Wednesday, 30 January 2019

What you need to know about the new active mobility regulations - updated

From 1st February, 2019, cyclists and users of personal mobility devices (PMDs) will have to watch their speed when travelling on footpaths following the recommendations made by the Active Mobility Advisory Panel.

Among the regulations is 10kmh riding speed limit on footpaths for cyclists and PMD users.

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Read the full article @ https://www.channelnewsasia.com/news/singapore/faq-what-you-need-to-know-new-regulations-active-mobility-device-10683094

British lung cancer patients are the first in the world to benefit from lifesaving surgery that 'microwaves' tumours

British lung cancer patients told there was ‘no hope’ have been the first in the world to benefit from lifesaving surgery that ‘microwaves’ tumours, burning them away and leaving no scars.

Nine cancer sufferers have so far had the revolutionary ten-minute operation at St Bartholomew’s Hospital in London.

They had been told by doctors they were too frail to withstand conventional surgery or radiotherapy for their tumours and that they had run out of options.

All nine are still alive nearly a year after doctors began using the revolutionary new technique.

Read the full article @ https://www.dailymail.co.uk/health/article-6635271/British-lung-cancer-patients-benefit-lifesaving-surgery-microwaves-tumours.html

Forum: Legalise surrogacy for childless couples

While there are no explicit laws banning surrogacy in Singapore, in practice, health institutions here are not allowed to offer it (Hard choices on surrogacy in Singapore; Jan 17).

The Ministry of Health (MOH) allows for fertility clinics, but discourages surrogacy.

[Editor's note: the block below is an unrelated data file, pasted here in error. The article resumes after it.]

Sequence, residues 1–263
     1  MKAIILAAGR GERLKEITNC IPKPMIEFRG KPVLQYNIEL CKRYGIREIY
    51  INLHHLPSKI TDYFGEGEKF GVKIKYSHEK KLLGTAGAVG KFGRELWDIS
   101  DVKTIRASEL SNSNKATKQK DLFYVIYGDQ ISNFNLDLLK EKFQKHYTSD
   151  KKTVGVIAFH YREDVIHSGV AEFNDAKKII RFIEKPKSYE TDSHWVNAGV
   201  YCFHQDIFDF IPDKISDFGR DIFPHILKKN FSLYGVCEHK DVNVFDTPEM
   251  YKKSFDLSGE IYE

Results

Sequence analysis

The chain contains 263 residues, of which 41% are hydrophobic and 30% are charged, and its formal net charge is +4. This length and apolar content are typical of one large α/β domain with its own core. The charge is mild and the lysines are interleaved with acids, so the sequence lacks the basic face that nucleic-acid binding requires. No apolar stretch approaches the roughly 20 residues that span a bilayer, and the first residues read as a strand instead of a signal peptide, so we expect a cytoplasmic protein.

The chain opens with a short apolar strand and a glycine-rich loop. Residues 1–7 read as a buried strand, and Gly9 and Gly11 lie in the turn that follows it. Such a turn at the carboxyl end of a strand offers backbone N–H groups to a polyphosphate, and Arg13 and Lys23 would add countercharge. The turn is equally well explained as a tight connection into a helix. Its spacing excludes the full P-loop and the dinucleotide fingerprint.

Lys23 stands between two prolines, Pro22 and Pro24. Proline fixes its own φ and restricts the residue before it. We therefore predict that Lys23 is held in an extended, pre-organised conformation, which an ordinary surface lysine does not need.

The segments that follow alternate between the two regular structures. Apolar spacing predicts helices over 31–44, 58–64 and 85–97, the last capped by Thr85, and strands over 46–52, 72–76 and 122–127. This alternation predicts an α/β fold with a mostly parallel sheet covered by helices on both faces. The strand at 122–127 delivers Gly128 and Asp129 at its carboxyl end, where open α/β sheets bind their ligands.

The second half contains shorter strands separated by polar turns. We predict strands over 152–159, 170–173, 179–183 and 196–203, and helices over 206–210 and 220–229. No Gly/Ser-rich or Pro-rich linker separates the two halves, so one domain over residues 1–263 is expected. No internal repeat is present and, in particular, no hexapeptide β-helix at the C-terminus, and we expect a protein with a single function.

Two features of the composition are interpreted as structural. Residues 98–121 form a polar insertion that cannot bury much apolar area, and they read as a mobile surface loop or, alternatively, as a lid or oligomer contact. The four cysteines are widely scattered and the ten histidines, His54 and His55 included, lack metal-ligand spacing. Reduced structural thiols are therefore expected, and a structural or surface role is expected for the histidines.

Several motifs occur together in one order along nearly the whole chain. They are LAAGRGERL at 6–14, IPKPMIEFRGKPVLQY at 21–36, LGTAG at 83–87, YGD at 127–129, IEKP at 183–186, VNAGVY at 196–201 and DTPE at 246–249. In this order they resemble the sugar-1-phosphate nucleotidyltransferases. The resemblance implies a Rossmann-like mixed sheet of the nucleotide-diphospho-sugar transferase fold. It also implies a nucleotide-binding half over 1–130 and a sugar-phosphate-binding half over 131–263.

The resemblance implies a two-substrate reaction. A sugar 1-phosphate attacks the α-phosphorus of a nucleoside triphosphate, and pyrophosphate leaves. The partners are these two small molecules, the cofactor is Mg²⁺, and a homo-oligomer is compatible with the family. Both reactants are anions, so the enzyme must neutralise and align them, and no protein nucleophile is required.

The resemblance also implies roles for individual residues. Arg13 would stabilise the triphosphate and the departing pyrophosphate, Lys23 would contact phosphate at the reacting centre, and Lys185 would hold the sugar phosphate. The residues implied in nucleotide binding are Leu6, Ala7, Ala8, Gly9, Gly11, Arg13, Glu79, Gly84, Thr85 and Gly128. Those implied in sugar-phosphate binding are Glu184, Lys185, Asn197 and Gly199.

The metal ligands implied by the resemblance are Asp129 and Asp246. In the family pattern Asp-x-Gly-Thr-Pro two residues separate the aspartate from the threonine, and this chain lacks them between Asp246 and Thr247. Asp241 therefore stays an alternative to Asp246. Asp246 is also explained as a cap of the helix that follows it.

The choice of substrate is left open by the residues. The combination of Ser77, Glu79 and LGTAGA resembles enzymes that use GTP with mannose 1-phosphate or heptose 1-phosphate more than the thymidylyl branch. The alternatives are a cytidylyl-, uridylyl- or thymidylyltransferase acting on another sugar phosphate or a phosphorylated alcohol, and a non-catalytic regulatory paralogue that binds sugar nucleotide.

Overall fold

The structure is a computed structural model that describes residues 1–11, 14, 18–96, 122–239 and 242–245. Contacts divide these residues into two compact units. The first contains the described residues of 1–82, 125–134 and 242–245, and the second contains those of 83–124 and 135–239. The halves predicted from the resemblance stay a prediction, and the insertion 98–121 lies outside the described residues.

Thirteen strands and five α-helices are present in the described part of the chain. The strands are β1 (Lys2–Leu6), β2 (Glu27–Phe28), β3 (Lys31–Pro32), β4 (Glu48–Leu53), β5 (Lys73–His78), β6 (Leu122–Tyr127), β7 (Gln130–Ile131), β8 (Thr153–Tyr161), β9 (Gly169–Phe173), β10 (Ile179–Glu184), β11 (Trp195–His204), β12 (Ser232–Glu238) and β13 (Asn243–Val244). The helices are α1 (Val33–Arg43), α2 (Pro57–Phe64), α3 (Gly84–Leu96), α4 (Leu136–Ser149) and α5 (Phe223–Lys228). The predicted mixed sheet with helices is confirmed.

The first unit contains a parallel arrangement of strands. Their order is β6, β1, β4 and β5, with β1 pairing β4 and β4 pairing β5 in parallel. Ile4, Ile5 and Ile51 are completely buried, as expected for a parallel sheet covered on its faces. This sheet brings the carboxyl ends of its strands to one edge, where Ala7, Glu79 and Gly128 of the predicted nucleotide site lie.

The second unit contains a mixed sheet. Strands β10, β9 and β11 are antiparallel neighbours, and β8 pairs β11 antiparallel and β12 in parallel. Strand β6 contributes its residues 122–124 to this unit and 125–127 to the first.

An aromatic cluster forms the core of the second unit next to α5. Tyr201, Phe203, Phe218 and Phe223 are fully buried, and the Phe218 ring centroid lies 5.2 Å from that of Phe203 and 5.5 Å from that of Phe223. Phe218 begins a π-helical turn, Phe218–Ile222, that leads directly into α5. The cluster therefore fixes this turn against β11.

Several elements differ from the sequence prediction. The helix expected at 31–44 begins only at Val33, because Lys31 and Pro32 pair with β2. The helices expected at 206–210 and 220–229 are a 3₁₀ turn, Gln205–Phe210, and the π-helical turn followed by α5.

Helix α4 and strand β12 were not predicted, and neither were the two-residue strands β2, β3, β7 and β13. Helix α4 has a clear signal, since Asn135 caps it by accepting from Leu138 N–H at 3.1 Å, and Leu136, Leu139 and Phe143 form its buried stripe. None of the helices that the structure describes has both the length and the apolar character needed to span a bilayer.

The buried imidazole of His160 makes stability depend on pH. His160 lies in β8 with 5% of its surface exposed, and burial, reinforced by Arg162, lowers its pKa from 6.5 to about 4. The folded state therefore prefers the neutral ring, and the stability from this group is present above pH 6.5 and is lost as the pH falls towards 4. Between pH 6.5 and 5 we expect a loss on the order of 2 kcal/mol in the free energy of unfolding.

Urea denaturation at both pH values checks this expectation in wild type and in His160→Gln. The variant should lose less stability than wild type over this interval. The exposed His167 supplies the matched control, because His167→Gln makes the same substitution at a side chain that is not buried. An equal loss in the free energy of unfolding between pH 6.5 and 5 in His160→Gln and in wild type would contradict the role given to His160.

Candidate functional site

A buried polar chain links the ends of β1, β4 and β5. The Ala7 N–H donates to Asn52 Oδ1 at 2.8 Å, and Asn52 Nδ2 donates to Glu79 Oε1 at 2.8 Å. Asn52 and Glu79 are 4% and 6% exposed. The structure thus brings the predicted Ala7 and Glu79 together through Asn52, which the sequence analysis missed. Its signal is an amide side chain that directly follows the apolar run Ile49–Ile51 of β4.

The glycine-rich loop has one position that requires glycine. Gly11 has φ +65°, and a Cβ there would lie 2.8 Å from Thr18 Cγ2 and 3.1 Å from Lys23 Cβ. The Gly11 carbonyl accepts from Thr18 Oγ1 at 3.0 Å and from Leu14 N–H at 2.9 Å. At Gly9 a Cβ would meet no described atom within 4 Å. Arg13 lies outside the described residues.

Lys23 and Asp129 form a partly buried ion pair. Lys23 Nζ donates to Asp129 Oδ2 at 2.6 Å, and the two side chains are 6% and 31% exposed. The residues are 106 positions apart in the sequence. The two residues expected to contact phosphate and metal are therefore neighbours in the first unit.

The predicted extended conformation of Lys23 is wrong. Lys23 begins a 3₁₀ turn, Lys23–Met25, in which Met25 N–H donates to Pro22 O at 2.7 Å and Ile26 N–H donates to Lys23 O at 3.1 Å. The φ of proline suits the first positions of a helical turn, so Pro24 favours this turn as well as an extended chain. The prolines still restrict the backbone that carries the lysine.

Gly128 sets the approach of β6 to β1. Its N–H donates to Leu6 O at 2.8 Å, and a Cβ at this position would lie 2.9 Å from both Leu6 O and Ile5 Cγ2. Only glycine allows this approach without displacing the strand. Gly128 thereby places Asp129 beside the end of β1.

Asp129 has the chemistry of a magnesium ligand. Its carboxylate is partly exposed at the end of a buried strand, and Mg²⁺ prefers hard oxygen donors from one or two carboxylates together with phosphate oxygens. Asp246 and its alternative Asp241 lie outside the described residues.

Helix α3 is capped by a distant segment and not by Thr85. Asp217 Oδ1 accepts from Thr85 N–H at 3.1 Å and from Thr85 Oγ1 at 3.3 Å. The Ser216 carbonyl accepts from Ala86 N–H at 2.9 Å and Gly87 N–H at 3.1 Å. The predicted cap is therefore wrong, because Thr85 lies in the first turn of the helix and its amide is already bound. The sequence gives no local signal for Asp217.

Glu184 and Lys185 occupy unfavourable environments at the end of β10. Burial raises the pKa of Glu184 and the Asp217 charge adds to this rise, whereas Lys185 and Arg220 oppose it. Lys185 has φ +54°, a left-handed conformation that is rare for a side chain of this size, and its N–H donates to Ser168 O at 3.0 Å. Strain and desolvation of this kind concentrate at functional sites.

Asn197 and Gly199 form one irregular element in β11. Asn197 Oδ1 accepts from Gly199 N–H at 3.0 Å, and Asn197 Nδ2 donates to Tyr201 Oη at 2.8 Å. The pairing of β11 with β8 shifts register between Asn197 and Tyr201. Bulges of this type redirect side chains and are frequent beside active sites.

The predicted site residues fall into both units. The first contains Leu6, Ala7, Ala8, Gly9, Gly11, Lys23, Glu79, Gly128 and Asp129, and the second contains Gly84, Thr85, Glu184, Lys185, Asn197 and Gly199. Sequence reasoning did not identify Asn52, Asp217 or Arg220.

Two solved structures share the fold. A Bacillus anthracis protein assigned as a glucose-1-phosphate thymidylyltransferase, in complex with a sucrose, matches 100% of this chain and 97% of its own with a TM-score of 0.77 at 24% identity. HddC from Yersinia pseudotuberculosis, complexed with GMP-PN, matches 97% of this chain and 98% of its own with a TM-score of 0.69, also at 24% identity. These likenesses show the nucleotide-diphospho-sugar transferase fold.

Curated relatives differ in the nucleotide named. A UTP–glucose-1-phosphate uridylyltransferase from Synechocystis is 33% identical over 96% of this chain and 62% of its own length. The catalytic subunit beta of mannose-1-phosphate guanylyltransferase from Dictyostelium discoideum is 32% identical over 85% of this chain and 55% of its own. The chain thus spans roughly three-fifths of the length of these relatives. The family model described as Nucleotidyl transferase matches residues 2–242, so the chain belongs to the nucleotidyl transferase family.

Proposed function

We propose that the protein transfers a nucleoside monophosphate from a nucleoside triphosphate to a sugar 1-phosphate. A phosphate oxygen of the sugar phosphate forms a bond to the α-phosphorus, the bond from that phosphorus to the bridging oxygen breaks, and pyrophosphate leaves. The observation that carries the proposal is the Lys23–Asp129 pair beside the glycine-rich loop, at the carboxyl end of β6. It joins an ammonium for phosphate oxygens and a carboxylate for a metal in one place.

If Singapore is serious about remedying its declining birth rate, perhaps MOH should legalise local surrogacy for childless couples who are unable to conceive even with fertility treatments.


Surrogacy gives a couple the joy of being able to watch their baby grow up from the very beginning.

Adoption can be a long and tedious process, and couples may also prefer surrogacy as the child will bear their genes.

Infertile couples deserve the chance to be happy parents. They should not be denied the option of surrogacy if they are able to find someone willing to carry the baby for them.

Surrogacy is a matter of choice, not morality. It simply provides a means to the end of allowing a couple to have a child. While it may be a controversial issue, there is room for discussion and understanding among those concerned.

Why should the state stand in the way of a couple's desire or decision to have children? As long as there is informed consent and no one is taking advantage of anyone else, legal surrogacy should be made available.

I acknowledge that more research needs to be done before taking this step. To avoid unintended consequences, it is important for MOH to make sure that all aspects of surrogacy have been looked into, such as the welfare of the surrogate mother.

MOH should consider conducting a pilot trial for surrogacy, instead of closing the door entirely.

Cheng Choon Fei

Ref: http://str.sg/oLRH

Children who play on iPads or watch too much television have poorer problem solving, communication and personal skills by the age of five

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Allowing pre-school children to play on tablets or iPads and watch lots of television affects their development by the age of five, researchers have found.

Scientists assessed the communication, dexterity, problem solving and personal skills of 2,400 children at the age of two, three and five.

They found those who were exposed to the most screentime at the age of two showed poorer development by the age of three.

And those who spent most time in front of a screen at the age of three had poorer development at age five.

Ref: https://www.dailymail.co.uk/health/article-6640381/Allowing-pre-school-children-play-iPads-affects-development.html

You may also want to read Generation of child web addicts

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